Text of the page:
This review was written by Eugene Kernes
Book can be found in:
Genre = Economics
Intriguing Connections = 1) The Impact of Inequality 2) Capitalism, Socialism, their Alternatives and Critiques
Largely a book that describing the statistics as was its purpose, to update the statistics on capital and inequality. Although I do not agree with the authors economic view, this book is important in discussion of wealth distribution. The author alters and simplifies many definitions which alters the discussion that will proceed. As the author mentions, growth was usually very slow and high growth are related to countries catching up to others. The biggest takeaway is that to make a country more egalitarian, that country needs a major shock like a war.
The proposal to make the world more egalitarian is a tax on capital, which transfers wealth from those who have it to those who do not. The author believes that an inegalitarian country faces becoming less democratic, while not recognizing that arbitrarily placing a higher tax means that someone is taking away property from someone else which is the opposite of a democratic country. The first country to create a democratic tax to fund war, Greece, inevitably used that tax to tyrannize the surrounding city-states which caused a major war to break out; not sure if the author studied the world pre-statistically available data. Another proposal for the socialist state was for government to pay for education, health, culture, development, but then states that "no one wants to empower a head of state to replace university presidents and professors at will, much less to define the content of their teaching". Not sure how the author reconciles the fact that most of what is taught is based on the culture, for instance as global warming debate has entered the culture, more and more universities offer classes that deals with various ways to discuss and solve the problems. A more serious problem would be when the culture teaches something horrendous, like when the democracy of Germany elected Hitler who changed German culture.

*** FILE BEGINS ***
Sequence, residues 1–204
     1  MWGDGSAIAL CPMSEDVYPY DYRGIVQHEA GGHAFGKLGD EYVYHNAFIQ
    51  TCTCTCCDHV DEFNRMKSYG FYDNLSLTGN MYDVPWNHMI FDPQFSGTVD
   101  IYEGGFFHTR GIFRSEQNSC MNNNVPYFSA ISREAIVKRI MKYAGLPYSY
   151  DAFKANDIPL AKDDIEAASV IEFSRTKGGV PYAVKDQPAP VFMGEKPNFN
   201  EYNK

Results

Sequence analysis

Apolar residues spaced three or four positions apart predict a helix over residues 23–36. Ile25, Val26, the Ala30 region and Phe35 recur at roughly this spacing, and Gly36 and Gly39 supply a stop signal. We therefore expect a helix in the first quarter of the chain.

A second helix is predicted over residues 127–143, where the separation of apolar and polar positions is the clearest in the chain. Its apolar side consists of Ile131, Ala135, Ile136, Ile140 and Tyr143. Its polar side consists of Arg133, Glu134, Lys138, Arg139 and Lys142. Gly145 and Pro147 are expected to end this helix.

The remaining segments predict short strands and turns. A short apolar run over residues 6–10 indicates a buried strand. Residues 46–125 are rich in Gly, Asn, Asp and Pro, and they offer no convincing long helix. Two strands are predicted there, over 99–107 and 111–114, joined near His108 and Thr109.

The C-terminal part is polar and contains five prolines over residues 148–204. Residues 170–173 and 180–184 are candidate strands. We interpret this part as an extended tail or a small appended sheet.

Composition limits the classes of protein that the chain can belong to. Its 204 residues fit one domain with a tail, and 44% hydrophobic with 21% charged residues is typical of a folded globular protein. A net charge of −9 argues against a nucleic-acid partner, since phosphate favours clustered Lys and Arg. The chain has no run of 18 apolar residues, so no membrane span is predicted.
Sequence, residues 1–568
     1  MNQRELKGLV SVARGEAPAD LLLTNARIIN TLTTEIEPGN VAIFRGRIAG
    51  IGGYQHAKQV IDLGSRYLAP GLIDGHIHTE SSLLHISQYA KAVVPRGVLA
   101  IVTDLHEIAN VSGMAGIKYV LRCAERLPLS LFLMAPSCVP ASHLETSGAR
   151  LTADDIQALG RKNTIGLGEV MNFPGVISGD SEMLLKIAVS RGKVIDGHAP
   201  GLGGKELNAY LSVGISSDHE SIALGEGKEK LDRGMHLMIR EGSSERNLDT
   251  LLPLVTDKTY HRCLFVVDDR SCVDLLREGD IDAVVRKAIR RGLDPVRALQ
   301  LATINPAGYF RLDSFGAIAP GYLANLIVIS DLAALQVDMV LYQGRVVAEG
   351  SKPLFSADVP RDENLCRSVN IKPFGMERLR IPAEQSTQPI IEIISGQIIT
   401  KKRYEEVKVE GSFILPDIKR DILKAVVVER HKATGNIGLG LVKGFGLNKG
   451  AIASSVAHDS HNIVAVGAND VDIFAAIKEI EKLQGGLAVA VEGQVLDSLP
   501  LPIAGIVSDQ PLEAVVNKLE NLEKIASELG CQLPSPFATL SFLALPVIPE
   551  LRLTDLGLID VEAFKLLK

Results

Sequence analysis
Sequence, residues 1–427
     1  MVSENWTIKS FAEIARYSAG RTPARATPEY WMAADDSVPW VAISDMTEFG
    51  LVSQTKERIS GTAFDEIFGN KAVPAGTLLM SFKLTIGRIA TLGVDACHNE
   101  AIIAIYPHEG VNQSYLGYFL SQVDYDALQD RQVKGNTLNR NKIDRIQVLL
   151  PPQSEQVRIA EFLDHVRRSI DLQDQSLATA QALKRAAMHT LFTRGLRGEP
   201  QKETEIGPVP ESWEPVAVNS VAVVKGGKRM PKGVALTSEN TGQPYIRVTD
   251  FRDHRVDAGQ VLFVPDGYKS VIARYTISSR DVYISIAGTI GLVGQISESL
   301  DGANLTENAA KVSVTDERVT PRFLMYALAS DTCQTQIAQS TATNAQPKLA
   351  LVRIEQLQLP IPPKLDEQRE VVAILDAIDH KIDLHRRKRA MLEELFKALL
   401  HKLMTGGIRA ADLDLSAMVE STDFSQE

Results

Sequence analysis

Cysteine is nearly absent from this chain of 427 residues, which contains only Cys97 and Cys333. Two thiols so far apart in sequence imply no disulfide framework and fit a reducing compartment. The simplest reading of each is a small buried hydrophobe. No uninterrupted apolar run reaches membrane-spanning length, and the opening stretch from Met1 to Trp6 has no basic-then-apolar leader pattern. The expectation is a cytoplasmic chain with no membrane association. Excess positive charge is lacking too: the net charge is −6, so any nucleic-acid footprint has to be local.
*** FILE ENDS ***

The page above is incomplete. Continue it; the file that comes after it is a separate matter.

The countries used are mostly capital intensive which gives a particular relation between capital and labor, but the opposite relation in labor intensive counties which the author neglects. The countries chosen are part of the so-called developed world only, and mostly from the West. The claim is lack of data. If it does not exist in the statistics found, the author will not mention to the point of misrepresenting the past. For example in his analysis of inflation, claiming that before WWI inflation was close to zero and that "inflation is largely a twentieth-century phenomenon" missed the centuries prior to the data sets of eighteens-century were so many empires fell due to drastic inflation, or in their time a debasement of currency. In describing inequalities, the author does point out the differences between income brackets but mentions that age-cycle, or the age bracket, is not sufficient to alter the individuals inequalities, which fails to notice that people move to different income brackets in their lifetime but usually not in a single year.
Pages to read: 579
1st Edition: 2014
Ratings out of 5: